It just took a short visit to the Christian bookstore to get my mind moving on this subject. Browsing books to buy as gifts, I looked at a lot of stuff that tells me how much Christianity has changed, at least in this country, since I became a Christian about thirty years ago.
My first real Bible was a black King James version on which my Dad had my name engraved in the cover. It didn’t have anyone else’s name on it, though. Now, it’s hard to find a Bible that doesn’t have some celebrity Christian’s name on it, and their own personal notes inside of it. I don’t know why that bothers me, except that selling a Bible for $80 with a celebrity Christian’s name on it, and notes inside it seems to sound an awful lot like Jehovah’s Witnesses, Mormons or another group whose leader has written a book that interprets scripture, and becomes equal to it when taught. I mean, other than the content, isn’t that the same thing?
The only Christian bookstore I’d ever been in, prior to becoming active in ministry, was the Baptist Book Store in Phoenix, Arizona, and one of its sister stores in St. Louis when I served there as a summer missionary. It was pretty much that, a book store with a wall of sheet music in the back, and a small rack of records and tapes on the side. Now, the book section of the Christian store is about half of its space, the rest being taken up by gift items that are generally decorative in nature, with scriptural sayings on them, or not, depending on the item, or t-shirts or other clothing items.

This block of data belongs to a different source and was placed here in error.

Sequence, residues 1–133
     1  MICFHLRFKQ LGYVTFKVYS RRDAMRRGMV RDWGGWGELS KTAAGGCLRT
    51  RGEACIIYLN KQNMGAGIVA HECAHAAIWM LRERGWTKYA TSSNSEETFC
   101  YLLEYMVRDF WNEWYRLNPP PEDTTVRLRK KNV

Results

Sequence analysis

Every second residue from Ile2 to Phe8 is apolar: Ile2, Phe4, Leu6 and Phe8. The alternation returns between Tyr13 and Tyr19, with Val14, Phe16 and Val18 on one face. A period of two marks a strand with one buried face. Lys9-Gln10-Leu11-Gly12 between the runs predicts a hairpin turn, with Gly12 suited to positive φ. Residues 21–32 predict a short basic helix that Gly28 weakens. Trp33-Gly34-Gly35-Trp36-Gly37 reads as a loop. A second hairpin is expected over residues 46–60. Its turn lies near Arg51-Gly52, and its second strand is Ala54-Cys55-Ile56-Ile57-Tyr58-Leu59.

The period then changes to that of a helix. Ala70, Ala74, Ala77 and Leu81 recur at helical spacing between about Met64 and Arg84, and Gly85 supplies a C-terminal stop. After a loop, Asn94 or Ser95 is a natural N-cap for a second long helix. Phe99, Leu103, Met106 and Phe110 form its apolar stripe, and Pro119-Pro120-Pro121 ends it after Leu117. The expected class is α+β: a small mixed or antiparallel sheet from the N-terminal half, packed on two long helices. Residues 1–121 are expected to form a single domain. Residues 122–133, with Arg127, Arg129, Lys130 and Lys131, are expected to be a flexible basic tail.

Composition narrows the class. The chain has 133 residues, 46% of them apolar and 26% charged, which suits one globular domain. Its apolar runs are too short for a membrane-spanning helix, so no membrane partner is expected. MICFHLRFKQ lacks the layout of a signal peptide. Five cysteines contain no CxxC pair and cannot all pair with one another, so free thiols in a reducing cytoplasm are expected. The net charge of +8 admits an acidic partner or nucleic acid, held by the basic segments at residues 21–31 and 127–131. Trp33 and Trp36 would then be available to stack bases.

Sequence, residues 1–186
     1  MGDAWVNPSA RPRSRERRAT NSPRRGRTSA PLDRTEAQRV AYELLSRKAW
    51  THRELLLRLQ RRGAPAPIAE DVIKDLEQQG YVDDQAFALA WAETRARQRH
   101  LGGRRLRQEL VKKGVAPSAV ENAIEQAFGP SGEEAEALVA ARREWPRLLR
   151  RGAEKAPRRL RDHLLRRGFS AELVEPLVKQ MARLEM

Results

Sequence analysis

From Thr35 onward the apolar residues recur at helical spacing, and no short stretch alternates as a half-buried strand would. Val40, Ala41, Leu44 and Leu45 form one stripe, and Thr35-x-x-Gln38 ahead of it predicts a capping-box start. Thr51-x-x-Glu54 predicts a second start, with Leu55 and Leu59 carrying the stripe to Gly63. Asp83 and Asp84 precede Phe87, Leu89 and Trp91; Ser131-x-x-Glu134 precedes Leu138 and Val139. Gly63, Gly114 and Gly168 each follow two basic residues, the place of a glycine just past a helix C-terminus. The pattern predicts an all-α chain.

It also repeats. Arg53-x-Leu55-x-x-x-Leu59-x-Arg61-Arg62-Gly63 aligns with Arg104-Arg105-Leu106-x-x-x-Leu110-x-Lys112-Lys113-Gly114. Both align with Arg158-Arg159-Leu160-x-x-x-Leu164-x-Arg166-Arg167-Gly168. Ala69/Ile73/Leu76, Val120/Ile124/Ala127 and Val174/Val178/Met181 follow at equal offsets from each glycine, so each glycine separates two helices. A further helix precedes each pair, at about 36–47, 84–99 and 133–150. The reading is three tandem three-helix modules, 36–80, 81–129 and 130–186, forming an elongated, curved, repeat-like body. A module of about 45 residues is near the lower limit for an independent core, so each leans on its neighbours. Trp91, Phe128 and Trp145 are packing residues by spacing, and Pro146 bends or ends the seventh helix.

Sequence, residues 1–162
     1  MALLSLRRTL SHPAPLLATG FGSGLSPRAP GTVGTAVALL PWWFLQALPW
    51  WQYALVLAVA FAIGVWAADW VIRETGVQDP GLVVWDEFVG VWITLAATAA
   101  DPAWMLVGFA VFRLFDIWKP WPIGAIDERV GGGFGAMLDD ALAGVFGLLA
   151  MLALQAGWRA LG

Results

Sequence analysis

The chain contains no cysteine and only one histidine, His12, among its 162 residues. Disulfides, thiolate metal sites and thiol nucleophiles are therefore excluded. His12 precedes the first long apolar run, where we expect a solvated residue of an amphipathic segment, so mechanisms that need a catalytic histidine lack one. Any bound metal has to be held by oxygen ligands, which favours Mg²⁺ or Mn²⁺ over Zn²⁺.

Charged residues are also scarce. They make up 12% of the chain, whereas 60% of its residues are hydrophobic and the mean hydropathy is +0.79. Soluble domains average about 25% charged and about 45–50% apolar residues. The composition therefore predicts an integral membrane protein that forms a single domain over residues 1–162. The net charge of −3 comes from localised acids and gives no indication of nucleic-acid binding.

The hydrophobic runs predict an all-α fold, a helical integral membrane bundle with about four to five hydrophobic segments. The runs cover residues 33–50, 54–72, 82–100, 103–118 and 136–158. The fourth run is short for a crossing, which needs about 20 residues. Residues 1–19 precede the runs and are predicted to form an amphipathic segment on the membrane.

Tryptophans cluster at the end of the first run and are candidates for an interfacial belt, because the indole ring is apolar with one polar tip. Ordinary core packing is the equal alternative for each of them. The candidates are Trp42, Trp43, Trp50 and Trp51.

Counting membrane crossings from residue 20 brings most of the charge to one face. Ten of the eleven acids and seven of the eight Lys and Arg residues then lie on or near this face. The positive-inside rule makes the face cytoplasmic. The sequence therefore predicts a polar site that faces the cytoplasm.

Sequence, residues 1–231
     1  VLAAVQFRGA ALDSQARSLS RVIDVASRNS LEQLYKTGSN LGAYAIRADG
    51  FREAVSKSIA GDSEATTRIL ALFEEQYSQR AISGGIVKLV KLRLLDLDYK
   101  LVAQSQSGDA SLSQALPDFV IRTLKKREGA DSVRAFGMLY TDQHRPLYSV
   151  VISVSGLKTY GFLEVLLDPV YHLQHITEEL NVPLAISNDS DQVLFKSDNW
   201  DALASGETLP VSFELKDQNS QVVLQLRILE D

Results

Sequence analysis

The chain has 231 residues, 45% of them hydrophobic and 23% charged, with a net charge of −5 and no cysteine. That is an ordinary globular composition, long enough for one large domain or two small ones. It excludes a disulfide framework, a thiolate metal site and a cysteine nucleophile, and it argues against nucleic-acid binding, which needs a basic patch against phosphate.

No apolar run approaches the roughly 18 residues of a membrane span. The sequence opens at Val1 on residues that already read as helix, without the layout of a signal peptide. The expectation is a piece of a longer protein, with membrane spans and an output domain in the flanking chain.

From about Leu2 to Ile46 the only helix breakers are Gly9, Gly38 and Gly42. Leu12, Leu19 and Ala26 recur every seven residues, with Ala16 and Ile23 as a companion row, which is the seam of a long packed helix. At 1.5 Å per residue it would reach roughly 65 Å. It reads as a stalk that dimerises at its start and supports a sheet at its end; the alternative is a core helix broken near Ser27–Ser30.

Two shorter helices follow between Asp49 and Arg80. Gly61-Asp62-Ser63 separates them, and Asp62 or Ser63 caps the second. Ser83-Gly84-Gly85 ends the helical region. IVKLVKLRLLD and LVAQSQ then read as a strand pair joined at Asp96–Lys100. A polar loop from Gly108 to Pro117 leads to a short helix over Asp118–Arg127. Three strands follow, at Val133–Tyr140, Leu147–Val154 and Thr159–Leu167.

The celebrity stuff is on full display. Name recognition is important, because you don’t just want any old Bible, you want the special edition endorsed by your favorite Christian celebrity, that costs $20 more. Without the name it’s just not the same. Perhaps. But there’s some really mediocre stuff that sells far better than it should because of whose name is on the cover.
I’m just not comfortable with commercial Christianity. I guess someone has to sell Bibles, or other religious items, but the way it’s done right now, well, does walking into a Christian bookstore give you a good impression of Christian faith, especially if you’re paying attention? It doesn’t give me one. Capitalizing on a person’s celebrity status somehow elevates their celebrity over the message Jesus preached. It’s about them. I don’t think that’s enough.